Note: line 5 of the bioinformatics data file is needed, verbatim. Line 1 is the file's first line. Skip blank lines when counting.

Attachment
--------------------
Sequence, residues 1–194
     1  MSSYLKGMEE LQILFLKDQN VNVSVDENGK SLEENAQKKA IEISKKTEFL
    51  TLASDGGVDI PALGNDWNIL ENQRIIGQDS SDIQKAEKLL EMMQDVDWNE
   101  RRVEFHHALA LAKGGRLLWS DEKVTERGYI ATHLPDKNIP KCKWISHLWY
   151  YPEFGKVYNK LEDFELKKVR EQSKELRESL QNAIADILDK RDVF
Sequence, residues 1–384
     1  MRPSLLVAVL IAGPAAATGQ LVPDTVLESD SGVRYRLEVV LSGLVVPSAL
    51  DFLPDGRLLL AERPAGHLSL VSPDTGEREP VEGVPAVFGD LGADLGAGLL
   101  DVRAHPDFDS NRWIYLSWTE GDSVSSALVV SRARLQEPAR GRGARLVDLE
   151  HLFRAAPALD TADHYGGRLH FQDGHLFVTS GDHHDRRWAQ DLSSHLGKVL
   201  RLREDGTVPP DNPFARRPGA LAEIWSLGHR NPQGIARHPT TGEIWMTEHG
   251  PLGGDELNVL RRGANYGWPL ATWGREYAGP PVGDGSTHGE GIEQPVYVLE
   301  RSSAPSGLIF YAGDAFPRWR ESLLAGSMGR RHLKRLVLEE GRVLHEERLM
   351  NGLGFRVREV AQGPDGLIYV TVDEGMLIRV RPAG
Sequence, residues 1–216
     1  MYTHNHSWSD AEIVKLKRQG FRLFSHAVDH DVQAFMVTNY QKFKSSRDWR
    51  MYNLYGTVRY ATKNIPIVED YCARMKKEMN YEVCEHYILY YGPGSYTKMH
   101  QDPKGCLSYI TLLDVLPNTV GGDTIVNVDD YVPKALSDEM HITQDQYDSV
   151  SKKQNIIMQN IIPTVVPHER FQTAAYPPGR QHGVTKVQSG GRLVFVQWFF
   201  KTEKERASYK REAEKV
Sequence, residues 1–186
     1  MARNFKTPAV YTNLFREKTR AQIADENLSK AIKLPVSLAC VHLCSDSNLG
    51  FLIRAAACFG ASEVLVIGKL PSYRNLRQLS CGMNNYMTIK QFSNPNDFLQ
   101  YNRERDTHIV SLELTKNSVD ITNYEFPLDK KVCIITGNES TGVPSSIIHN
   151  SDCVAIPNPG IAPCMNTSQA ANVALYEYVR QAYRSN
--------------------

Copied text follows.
   151  YPEFGKVYNK LEDFELKKVR EQSKELRESL QNAIADILDK RDVF